The Cadillac STS was introduced as an all-new model for 2005, and remains unchanged in appearance for 2007. Its look is both new and familiar. In some ways strikingly dissimilar to previous Cadillacs, STS is the latest example of Cadillac's Art and Science design motif, which can also be seen in the SRX crossover sport utility and the XLR sports car.
Only the grille and headlights pretend to keep faith with what came before. Viewed head on, there's no mistaking STS for anything but a Cadillac. The trademark egg-crate grille and stacked headlamps are starkly functional in appearance. No wasted motion or volunteer excess there, to be sure.
You could be forgiven, however, for mistaking an STS for the smaller CTS. The two are almost indistinguishable to the casual observer, even when parked side by side. Both cars present only minimally different iterations of the same sharp angles and flat planes. The wheelbase of the STS is three inches longer, and its body is six inches longer, but they share a common platform.
From the side, the crisp lines of the STS draw an almost box-like silhouette that somehow still looks aerodynamic. Perhaps it's the gently curved A-pillar and C-pillar that tend a bit more toward art than science. Sharply contoured lower rocker panels tracking rearward from the front fascia's bottom edge pull the body down, adding a stylistic ground-effects look.
The backside is vaguely reminiscent of the old Eldorado coupe, with vertical taillights bracketing a tall, squared-off boot. Recessed in the boot's rear vertical is a trapezoidal inset, long enough for European-spec license plates, housing large backup lights at the left and right extremes. American-tradition dual exhausts exit below and at each end of the rear bumper. The optional rear spoiler, running the width of the trunk lid, adds stabilizing rear downforce without spoiling the look.
The super-performance STS-V is distinguished from the other STS models by its unique engine hood; a larger, polished stainless steel wire-mesh front grille; a lower front fascia with a larger, lower grille, brake ducts and splitter; lower side rockers; 10-spoke wheels; a higher rear spoiler; a lower rear fascia with wire-mesh accenting; and V-Series badging along with Supercharged badges on the doors.
The Cadillac STS cabin is warmer in appearance than the exterior, with soft leather surfaces complemented by warm wood accents. Those wood accents cost extra, but we much prefer them over the standard brushed aluminum trim, which looks and feels cold and reflects sunlight to the point of annoyance. Get the wood.
Seats are refreshingly supportive, for a Cadillac, without being overly firm. Arm rests and head restraints are a degree or two softer than the cushions and side bolsters, boosting the comfort factor a couple notches. All essential controls are within easy reach, although there could be more clearance between the lower door panels and seat bottom to access the front seat adjusters. For this reason, we were especially grateful for the seat memory feature, which often saved us from having to reach down there. The interior is noticeably roomier than that of the marginally smaller CTS.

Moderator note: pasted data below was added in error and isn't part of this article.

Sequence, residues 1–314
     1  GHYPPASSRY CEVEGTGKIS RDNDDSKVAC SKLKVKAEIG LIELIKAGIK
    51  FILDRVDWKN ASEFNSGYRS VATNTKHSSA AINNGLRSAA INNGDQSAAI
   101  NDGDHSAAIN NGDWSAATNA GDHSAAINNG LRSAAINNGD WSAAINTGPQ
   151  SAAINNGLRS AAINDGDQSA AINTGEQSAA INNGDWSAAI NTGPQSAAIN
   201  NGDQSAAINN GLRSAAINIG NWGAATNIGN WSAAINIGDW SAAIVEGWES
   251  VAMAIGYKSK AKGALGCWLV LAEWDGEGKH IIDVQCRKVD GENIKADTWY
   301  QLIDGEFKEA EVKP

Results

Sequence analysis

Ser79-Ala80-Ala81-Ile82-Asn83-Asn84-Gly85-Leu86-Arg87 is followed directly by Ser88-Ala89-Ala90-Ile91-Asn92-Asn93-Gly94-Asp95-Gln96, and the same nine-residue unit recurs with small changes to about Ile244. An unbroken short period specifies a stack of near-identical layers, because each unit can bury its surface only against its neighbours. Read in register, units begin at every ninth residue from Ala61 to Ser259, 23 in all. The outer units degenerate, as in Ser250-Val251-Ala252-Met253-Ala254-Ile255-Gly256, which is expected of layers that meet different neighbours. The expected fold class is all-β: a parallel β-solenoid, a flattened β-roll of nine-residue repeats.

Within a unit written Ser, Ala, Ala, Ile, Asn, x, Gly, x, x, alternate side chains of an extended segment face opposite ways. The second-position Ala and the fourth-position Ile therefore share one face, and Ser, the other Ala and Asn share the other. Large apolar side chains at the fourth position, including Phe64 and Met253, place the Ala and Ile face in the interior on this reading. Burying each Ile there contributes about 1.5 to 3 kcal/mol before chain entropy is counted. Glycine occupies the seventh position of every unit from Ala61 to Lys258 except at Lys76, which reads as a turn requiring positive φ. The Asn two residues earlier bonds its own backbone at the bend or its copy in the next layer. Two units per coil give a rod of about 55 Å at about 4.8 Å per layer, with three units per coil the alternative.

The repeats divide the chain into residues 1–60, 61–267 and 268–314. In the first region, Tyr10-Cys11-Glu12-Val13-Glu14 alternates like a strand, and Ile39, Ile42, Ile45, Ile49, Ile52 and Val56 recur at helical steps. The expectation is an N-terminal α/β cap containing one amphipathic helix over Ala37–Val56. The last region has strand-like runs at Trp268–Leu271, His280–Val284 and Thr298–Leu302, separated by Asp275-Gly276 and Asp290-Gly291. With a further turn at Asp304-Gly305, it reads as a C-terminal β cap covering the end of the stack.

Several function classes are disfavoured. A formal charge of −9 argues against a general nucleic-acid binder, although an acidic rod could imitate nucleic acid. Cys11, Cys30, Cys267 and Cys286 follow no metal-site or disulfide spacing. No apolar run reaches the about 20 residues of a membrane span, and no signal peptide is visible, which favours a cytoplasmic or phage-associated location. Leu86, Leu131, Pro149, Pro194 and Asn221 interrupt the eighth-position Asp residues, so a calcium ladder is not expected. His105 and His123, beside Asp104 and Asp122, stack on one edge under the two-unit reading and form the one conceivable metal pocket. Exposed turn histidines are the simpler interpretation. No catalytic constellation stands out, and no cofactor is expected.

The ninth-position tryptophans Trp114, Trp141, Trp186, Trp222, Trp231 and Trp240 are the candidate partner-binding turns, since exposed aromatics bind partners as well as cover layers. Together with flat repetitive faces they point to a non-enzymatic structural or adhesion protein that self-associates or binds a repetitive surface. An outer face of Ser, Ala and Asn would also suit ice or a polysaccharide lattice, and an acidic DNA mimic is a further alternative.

Instruments are easily scanned, white-on-black round analogs, with a large nested tachometer and speedometer between the smaller fuel and engine temperature gauges. The speedometer changes between English and metric electronically, so there's only one set of numbers around its circumference. Cruise control and running lights are managed via a stalk on the left side of the steering column, windshield wipers and washers with a stalk on the right. Buttons in the steering wheel spokes provide redundant controls for audio and driver information functions. A word of caution: the top-level stereo system, although delivering superb surround sound, is multi-tasked with a navigation system that, in combination, demands an extensive study of the owner's manual to operate with any degree of alacrity and confidence.
All four doors boast map pockets. The front center console is deep and wide and pre-wired for cellular and Bluetooth (to wirelessly tie a cell phone into the car's audio system, allowing hand-free operation). The glove box, though, is barely sufficient to hold the navigation DVD case and owner's manual. Two cup holders are provided front and rear. The trunk is fully lined, with articulated, gas-pressurized struts.
Fit and finish are top grade, with notably tight trim tolerances. Careful attention was paid to reducing noise, vibration and harshness, with remarkable and commendable success. Specially laminated windshield and front door glass, wind tunnel-tuned outside mirrors and high-density/low-mass sound-deadening padding combine to deliver the quietest Cadillac interior in memory.
The 2007 OnStar system features a new fully integrated GPS navigation setup called Turn-by-Turn Navigation. Turn-by-Turn allows drivers to talk to a live advisor, who in turn sends complete step-by-step directions to the vehicle through the OnStar system. These audio directions automatically play through the vehicle's stereo as needed, triggered by the OnStar system's GPS capabilities. This enables drivers to be led to their destination while keeping their hands on the wheel and eyes on the road.